A good one is the role Australia played in drafting The Universal Declaration of Human Rights. To quote Robertson “… the Australian delegation, instructed through (Doc) Evatt’s cablegrams from Canberra…carved out a presence and position that at times confounded the Soviet Union, at other times defied the US and was often independent of Britain. In fact, in the endless to-ing and fro-ing that it took to hold the draft of the declaration together, as winds of the approaching Cold War threatened to tear it apart, the Australian delegation became crucial to the entire project because of the way it was able to win support from the unaligned but mildly socialist countries of Latin America, and eventually build bridges with the Soviet Union…. (paraphrasing) … our tiny nation (whose population then was only seven million) played a remarkable part in the eighty-one drafting sessions over two years..”

    Me thinks if Penny Wong showed courage and her (Chinese speaking) Prime Minister backed her up, we are once again positioned to lead the world on climate change policy rather than cower in a corner and act as if coal has a future. Be in no doubt Europe, the US and China are already on a path to substitute renewables (wind, solar etc) for coal and our main export will one day soon be a product that no-one wants to buy.

    Wake up Australia, we have a proud history of leadership.

  7. Tony Kevin

    a good but depressing story. as far as i know, only clive hamilton, christine milne and greenpeace australia are coming out in australian public dialogue to expose the truth about clean coal. everyone else is busily admiring the emperor’s new clothes, or keeping a discreet silence on the matter. minister martin ferguson and prime minister kevin rudd in particular are the biggest spruikers. rudd has done it in washington with obama and steven chu, and at the peterson institute, and now again in malaysia. with this sort of high-level end0rsement of gross falsity, what chance does CSIRO have to promulgate truth? australia is deeply into collective delusion on CCS..

    we need more retiring engineers and scientists to come 0ut – not anonymously – and tell the truth about CCS. but they had better nail down their super packages first.

    tony kevin

  8. Clive Hamilton

    Thanks Scott. I could not have put it better. It shows how much the world has changed that intelligent people like Mark Duffett and Peter Logue cannot understand the distinction between the public interest and the interests of the coal industry. They seem to believe that what is good for BHP is, ipso facto, good for Australia. So whatever BHP executives decide is necessarily in our interests. The CSIRO used to be a proud defender of independent science but now will happily accede to the suppression of its research results and allow to speak only those scientists who will say things that the coal industry likes to hear. It’s completely unprincipled, yet some say “what’s the problem?” Is the next step for the CSIRO to ask job applicants to outline their political views so it can weed out anyone who does not fit in with the corporate culture?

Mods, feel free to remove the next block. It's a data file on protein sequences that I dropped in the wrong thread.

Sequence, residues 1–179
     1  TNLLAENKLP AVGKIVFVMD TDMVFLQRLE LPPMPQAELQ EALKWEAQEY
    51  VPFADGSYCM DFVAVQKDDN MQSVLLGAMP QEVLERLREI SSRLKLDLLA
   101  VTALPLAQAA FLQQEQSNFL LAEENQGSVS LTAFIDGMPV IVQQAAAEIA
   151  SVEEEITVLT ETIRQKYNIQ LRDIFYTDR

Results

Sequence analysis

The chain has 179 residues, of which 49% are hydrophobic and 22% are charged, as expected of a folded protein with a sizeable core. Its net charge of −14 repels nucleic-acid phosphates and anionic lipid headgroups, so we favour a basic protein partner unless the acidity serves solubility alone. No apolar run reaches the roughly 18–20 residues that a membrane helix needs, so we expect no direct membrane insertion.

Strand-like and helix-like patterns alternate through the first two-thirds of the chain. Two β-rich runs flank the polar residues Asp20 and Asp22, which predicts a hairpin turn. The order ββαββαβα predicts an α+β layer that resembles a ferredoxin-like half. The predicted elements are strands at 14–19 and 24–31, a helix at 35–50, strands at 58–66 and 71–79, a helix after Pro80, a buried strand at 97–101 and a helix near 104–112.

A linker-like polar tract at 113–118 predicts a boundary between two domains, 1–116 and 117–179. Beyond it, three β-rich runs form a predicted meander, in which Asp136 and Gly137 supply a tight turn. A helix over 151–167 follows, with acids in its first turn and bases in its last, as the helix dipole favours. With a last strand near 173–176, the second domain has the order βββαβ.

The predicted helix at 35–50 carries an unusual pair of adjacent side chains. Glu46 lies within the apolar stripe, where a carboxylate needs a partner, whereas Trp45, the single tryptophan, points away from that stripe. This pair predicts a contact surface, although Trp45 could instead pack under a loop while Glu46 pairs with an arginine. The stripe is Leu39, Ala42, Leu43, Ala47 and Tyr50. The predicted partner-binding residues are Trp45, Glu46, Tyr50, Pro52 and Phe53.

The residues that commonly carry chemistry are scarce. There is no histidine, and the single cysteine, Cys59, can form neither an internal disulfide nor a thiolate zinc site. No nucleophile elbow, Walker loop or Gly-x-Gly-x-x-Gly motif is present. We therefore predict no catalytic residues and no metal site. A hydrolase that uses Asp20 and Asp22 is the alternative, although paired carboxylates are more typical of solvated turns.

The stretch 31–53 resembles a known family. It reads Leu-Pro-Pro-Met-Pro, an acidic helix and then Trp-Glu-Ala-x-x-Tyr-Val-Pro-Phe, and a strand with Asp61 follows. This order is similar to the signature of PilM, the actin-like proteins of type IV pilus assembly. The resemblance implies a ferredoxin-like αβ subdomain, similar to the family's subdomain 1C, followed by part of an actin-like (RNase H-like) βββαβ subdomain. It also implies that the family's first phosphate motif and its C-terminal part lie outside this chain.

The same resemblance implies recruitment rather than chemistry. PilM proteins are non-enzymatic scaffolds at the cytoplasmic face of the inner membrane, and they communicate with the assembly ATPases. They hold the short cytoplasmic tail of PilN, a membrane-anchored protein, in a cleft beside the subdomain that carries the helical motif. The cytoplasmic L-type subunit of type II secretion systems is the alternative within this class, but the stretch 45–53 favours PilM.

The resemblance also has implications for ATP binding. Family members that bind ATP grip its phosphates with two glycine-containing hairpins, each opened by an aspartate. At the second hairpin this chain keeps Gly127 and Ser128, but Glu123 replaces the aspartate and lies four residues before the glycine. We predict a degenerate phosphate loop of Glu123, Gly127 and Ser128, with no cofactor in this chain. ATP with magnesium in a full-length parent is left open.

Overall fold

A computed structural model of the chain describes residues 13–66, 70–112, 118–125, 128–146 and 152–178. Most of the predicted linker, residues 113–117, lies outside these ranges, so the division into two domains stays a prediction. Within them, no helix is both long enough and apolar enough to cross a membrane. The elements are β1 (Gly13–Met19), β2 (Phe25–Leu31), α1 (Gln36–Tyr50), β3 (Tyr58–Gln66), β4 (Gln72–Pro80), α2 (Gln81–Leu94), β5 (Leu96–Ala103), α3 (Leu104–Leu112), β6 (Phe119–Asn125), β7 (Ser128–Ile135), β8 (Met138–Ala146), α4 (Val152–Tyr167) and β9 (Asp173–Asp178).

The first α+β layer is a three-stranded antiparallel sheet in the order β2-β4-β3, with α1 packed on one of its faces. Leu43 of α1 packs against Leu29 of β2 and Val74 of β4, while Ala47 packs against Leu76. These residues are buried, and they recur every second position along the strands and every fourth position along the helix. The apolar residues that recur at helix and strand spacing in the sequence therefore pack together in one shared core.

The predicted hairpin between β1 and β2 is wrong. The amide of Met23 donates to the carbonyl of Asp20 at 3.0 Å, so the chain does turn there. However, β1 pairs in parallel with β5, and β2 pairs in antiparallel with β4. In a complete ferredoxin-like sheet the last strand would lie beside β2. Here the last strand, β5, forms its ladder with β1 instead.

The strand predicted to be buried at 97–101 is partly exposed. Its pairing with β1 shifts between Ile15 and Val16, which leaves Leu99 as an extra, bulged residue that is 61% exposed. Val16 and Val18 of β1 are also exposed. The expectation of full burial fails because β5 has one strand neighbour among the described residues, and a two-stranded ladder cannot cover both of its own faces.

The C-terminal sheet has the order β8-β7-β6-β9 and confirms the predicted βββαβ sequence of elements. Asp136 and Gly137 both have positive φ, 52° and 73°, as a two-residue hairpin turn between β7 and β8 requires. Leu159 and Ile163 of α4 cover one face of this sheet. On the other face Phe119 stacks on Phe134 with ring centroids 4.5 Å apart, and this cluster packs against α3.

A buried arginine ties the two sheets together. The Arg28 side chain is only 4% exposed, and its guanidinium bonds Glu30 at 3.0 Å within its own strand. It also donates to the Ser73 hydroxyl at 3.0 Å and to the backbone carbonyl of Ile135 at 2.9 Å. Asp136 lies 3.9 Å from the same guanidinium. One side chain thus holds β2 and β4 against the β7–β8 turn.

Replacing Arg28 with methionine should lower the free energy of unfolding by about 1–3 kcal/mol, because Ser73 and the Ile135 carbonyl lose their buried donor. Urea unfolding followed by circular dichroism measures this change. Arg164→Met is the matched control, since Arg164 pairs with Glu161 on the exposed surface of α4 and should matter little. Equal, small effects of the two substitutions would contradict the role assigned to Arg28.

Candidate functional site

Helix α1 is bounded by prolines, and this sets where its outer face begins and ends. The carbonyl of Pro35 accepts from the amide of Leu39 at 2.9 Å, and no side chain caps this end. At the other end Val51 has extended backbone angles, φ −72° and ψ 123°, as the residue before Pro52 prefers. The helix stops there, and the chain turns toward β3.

Clive Hamilton

  9. Mark Duffett

    Leaving aside the question of how congruent Australia’s interest is with that of the coal industry, my main point was that it is not unreasonable for CSIRO to be acting as it is in this instance. My understanding is that its brief has always been research on behalf of Australian industry, with all that that may entail.

    Hence, if there is a legitimate quibble here, it’s with Ralph Hillman’s billing of CSIRO people as “independent scientists”. If such a beast exists outside the realms of retirement, it’s probably more in the direction of universities that you’d have to look.

  10. Peter Logue

    Clive, I suppose the issue is that many in the science and research community, more knowledgeable about the technology than either you and I, actually believe the technology (much of which already works in the gas and oil industries) will work and will work at large scale. The fact that this view co-incides with BHP or Rio and others in the industry (and, yes, there are sceptics there, mainly about the cost factors, not the technology) is not something the CSIRO should be asked to justify. What you’re saying in your comment is that some scientists had different views back in 2005: well, that’s novel. A lot of scientists and engineers have similar views nowadays but many accept that there have been significant advances in the development of the technology (there is a technology curve, ask anyone in the aviation or computer industry) and the current demonstration projects will prove them right or wrong. Blanket opposition to technolgy that might solve the problem of coal and climate change, is just plain daft. Even Tim Flannery and the WWF and the Climate Institute and many other climate advocates have come to that conclusion. And the main reason? They know that China and India and the US are not going to stop burning coal, no matter how much jumping up and down the environment in comfortable western countries does.